And third, the Europeans themselves have no common understanding of
things. Obama could thus quickly be drawn into complex EU policy issues
that could tie his hands in the United States. These could quickly turn
into painful negotiations, in which Obama’s allure to the Europeans
will evaporate.

One of the foundations of Obama’s foreign policy — and one of the
reasons the Europeans have celebrated his election — was the perception
that Obama is prepared to work closely with the Europeans. He is in
fact prepared to do so, but his problem will be the same one Bush had: The Europeans are in no position to give the things that Obama will need from them
— namely, troops, a revived NATO to confront the Russians and a global
financial system that doesn’t subordinate American financial authority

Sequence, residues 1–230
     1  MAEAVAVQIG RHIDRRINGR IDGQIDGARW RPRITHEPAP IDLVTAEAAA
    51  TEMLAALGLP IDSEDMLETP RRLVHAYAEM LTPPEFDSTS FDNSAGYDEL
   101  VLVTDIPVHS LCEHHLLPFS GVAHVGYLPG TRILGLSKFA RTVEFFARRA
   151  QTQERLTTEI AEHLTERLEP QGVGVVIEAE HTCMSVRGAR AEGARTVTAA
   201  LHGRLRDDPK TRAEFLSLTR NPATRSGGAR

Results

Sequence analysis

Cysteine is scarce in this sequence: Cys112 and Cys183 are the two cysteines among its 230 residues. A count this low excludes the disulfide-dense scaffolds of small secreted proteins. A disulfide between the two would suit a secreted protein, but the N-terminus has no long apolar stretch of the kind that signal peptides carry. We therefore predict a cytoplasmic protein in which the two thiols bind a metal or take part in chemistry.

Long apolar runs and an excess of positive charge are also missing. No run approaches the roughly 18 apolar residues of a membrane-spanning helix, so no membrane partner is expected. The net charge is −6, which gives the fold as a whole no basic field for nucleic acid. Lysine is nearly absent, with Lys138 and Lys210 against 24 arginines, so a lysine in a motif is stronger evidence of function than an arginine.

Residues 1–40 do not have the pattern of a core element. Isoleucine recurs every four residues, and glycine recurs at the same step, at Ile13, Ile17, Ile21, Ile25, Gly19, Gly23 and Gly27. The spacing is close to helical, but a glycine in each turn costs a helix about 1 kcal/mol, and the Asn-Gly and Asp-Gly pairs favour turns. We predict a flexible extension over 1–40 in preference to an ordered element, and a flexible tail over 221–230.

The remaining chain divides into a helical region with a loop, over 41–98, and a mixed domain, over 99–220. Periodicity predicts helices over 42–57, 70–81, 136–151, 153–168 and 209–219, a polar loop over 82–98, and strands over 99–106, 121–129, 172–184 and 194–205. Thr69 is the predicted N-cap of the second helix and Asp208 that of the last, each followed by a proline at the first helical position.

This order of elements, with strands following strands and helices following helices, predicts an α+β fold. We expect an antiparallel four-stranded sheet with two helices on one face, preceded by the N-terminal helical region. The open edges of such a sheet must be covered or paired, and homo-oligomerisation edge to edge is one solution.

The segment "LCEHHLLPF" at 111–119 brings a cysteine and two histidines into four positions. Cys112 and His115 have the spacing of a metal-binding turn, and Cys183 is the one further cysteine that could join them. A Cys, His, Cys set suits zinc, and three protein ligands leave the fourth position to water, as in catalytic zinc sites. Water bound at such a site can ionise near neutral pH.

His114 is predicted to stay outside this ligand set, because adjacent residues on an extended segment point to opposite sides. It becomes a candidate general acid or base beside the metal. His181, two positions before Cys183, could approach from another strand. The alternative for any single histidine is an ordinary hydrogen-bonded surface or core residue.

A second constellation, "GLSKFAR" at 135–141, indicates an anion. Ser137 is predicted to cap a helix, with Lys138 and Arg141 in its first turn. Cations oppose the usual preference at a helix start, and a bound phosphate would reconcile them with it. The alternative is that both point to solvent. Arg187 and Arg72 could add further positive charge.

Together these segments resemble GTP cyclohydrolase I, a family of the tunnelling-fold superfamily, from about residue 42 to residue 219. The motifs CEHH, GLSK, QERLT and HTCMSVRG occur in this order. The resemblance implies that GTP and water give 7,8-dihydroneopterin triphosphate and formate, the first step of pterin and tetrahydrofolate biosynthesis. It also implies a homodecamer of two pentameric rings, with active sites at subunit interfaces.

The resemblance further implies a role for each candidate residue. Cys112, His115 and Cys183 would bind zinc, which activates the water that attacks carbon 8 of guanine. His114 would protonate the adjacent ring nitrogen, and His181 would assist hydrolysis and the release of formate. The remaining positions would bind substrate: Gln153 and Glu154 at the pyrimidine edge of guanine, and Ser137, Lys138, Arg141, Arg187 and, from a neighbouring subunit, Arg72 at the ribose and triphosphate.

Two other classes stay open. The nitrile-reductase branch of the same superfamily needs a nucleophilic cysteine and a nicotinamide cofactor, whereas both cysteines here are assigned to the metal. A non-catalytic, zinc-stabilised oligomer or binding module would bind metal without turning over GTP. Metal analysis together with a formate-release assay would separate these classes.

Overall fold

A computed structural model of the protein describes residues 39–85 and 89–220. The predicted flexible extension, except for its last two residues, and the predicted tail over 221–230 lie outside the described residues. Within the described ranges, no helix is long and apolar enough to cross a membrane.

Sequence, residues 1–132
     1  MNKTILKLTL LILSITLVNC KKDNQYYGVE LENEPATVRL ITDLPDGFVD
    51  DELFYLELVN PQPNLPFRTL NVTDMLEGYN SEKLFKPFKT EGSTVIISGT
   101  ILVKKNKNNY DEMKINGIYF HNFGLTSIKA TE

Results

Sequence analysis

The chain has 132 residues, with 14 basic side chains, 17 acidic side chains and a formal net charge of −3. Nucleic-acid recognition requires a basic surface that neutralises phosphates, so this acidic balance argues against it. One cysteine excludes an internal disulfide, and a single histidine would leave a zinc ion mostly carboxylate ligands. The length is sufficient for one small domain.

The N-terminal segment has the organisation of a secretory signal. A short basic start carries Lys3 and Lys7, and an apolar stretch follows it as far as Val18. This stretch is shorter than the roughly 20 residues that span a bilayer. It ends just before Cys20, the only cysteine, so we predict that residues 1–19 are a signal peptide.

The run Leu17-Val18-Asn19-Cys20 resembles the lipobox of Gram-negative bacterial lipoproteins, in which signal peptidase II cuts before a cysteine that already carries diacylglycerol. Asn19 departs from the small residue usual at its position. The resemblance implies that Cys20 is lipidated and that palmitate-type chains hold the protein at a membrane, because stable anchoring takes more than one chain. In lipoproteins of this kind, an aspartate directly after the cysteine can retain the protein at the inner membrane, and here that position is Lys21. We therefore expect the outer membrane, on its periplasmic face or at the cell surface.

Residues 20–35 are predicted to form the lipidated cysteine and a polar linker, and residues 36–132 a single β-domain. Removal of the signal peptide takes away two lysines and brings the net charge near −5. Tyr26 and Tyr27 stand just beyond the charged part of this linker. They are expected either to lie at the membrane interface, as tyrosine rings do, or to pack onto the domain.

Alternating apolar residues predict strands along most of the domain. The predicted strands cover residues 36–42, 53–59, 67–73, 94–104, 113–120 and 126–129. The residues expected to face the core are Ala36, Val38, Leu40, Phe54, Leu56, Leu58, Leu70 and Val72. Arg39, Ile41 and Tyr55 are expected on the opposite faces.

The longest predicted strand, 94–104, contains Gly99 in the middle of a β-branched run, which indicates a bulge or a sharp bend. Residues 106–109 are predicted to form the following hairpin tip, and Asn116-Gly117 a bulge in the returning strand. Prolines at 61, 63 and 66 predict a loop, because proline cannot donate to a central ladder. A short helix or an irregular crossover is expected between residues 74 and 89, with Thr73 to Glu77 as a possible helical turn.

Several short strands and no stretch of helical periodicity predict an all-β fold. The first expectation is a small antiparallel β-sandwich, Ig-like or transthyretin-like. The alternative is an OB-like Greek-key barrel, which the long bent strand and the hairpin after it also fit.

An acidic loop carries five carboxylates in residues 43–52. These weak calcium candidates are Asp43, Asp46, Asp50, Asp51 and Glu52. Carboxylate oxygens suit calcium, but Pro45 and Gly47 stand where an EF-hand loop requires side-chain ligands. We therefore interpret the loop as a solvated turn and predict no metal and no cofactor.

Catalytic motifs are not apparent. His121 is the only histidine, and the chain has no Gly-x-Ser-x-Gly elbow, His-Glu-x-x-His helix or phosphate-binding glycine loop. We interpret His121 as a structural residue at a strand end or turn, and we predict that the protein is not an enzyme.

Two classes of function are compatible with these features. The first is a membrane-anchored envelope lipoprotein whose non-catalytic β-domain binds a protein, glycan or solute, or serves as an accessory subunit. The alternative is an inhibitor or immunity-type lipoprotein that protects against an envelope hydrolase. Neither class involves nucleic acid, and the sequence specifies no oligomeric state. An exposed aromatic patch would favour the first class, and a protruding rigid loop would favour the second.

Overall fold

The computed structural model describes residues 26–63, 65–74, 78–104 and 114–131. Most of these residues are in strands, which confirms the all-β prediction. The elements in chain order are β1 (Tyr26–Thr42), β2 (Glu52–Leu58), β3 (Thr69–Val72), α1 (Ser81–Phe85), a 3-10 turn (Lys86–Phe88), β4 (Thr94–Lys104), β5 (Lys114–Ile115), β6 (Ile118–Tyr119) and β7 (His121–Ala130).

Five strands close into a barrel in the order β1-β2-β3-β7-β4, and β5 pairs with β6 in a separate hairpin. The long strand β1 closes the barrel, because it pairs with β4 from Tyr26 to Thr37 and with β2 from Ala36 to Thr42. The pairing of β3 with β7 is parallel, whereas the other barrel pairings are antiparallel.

to an international bureaucracy.

The Hard Road Ahead

Like any politician, Obama will face the challenge of having made a
set of promises that are not mutually supportive. Much of his challenge
boils down to problems that he needs to solve and that he wants
European help on, but the Europeans are not prepared to provide the
type and amount of help he needs. This, plus the fact that a U.S.
withdrawal from Iraq requires an agreement with Iran — something hard
to imagine without a continued U.S. presence in Iraq — gives Obama a
difficult road to move on.

As with all American presidents (who face midterm elections with
astonishing speed), Obama’s foreign policy moves will be framed by his
political support. Institutionally, he will be powerful. In terms of
popular support, he begins knowing that almost half the country voted
against him, and that he must increase his base. He must exploit the
honeymoon period, when his support will expand, to bring another 5
percent or 10 percent of the public into his coalition. These people
voted against him; now he needs to convince them to support him. But
these are precisely the people who would regard talks with the Taliban
or Iran with deep distrust. And if negotiations with the Iranians cause